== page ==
Vietnam's 1-year bonds gain as fuel-price cut may slow inflation

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Vietnam's one-year bonds advanced for the first time in four days on speculation last week's reduction in local fuel prices will help cool inflation. The dong was stable.

The nation cut costs of oil products by as much as 2.3 percent on Aug. 26 after consumer-price gains quickened to 23.02 percent, the most since November 2008, according to government data. The so-called 92-RON gasoline, the most commonly used fuel, was cut to 20,800 dong ($1) a liter from 21,300 dong, according to a statement on the government's website.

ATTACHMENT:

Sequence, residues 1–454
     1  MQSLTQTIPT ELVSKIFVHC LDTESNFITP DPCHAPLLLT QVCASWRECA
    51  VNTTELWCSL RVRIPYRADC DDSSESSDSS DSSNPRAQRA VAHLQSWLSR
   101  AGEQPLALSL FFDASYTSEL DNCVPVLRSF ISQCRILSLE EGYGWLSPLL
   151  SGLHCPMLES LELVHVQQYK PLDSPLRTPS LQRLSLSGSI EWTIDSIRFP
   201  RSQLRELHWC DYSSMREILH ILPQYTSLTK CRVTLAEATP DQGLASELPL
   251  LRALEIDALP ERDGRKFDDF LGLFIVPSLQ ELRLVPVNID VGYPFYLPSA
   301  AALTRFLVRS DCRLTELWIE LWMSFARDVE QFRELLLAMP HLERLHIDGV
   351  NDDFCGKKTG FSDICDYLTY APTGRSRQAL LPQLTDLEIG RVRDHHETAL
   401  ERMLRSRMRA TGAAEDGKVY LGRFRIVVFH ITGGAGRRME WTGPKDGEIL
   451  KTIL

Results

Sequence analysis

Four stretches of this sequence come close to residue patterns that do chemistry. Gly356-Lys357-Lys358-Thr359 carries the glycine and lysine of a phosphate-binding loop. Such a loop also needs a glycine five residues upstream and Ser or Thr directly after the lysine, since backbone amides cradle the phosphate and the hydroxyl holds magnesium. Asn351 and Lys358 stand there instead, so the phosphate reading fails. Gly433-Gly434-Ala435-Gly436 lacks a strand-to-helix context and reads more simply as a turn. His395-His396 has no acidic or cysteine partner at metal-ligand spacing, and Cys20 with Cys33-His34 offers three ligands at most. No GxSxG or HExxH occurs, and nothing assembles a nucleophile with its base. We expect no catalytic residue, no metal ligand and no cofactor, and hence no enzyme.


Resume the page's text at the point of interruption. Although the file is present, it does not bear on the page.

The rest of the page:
"The recent fuel price cut will lower input costs in industries, which in turn will help bring down prices and inflation," said Pham Minh Hoang, a fixed-income dealer at Ocean Commercial Joint-Stock Bank in Hanoi. "Yields at auctions will probably drop as banks will buy more bonds on expectation interest rates will decline next year."

The yield on the one-year note lost five basis points, or 0.05 percentage point, to 12.27 percent, according to a daily fixing from banks compiled by Bloomberg.

The dong was unchanged at 20,832 per dollar as of 4:30 p.m. in Hanoi, according to data compiled by Bloomberg. The central bank fixed the reference rate at 20,628, unchanged since Aug. 24, according to its website. The currency is allowed to trade up to 1 percent on either side of the rate.

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